After the brief but scary episode at the supposedly holy ground, it was time to visit the Eiffel Tower. Paris proved to be no short of drama once more when we saw police barricading the streets leading to one of the world’s most famous monuments and shooing tourists away. We soon found out from another tourist that somebody had thrown a television from the first floor of the tower, and so it was closed for investigation. So we walked around the area and managed to find a cozy little corner with an unobstructed view of the tower!

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— It’s a lot taller and bigger than it looks. The Eiffel Tower and Margaret Thatcher share the same nickname – La Dame de Fer (“The Iron Lady”).

The third day was Chataeu de Versailles day! To go to Versailles we had to purchase tickets for the RER (another train service). While it was convenient to purchase the tickets through the machine, it only took coins and credit cards! We did not have enough coins and could not find anyone at the counter to purchase our tickets from, so we had to opt for the latter. Thank goodness I had activated my credit cards for overseas use prior to our trip (I needed them to buy some Longchamp bags anyway, but more on that later).

Even though we were early at the station, the first couple of trains leading to Versailles had to undergo maintenance so by the time we boarded, we had to join the other tourists that arrived later, and even more of them when we reached. We managed to skip the queue to buy our tickets as we had purchased our passes earlier – but so did everyone. The long queue that I imagine might resemble the scene at the pearly gates, was the security line.

--- This, is one single line that has formed a "W" leading to the security check at the chateau. We all have our tickets and passes.
— This, is one single line that has formed a “W” leading to the security check at the chateau.

But once we got in, all that waiting was forgotten. From the chapel, to the gallery, Hall of Mirrors, the queen’s chambers and the garden – no details were sparred in putting this palace in a class of its own.  Like the Louvre, 24 hours just isn’t enough to see and absorb everything!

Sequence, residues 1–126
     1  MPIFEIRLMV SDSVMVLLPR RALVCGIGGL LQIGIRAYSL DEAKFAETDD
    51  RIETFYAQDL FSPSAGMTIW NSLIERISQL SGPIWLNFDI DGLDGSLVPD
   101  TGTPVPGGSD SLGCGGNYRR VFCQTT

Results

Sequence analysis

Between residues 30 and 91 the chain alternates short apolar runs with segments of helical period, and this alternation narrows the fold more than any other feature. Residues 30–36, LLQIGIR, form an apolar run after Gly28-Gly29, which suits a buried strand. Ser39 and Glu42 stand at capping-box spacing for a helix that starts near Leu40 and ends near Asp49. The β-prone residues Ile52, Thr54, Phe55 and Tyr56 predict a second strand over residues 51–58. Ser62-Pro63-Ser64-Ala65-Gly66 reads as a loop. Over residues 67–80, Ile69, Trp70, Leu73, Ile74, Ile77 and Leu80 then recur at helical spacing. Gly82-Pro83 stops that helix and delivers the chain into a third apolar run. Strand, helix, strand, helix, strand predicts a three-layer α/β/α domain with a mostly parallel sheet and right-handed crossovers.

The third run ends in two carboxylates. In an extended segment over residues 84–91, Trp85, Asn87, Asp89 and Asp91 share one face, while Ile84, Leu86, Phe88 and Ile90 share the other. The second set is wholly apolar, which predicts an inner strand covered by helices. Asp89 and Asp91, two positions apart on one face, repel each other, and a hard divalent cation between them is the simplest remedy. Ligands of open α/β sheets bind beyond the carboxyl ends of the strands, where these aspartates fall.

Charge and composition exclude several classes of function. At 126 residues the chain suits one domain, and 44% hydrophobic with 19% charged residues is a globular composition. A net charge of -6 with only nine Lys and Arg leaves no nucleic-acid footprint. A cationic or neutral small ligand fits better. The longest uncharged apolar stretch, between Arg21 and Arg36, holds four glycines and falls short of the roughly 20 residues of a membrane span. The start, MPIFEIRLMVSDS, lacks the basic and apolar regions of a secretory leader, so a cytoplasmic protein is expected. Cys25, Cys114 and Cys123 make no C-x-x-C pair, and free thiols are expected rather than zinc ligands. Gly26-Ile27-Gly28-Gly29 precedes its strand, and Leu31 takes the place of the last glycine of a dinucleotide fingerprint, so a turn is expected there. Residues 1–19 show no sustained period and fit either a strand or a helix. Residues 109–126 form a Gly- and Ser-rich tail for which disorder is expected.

--- The Chapel
— The Chapel
--- Hall of Mirrors
— Hall of Mirrors – this was also where Charlize Theron and Rihanna shot the Chanel commercial
--- The Gallery
— The Gallery

It was so crowded during the tour of the chambers that we just wanted to get over with it, because we couldn’t wait to get to the next part – the gardens.

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— I mean, how can you not want to run into that?
--- There are many, many sections like these in the garden
— There are many, many sections like these in the garden
--- One day is not enough to fully appreciate this wonder
— One day is not enough to fully appreciate this wonder

We finished the rest of the day by visiting the Notre Dame before it closes, shopping at the La Fayette Gallery, where mom wanted to help her friend get a couple of Longchamp bags (I think it’s the only place in Paris where I’ve seen the most Asians) and a final look at the Eiffel that was gloriously lit up at night.

--- We're back at the Notre Dame!
— We’re back at the Notre Dame!
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— The interior of the Notre Dame – a lot more crowded and touristy-feel than the Sacre Coeur, but still very beautiful.
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— Interior of La Fayette
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— One final look at the Eiffel before we call it a day

There’s a lot to hate yet there’s also a lot to love about Paris. Merci beaucoup, Paris – you are of sorts, but still the sort that I would like to get to know again.  It’s now time to bid you au revoir and make our way to Belgium the next morning!

Read the previous post of our little adventure here: Journey to the West: Prologue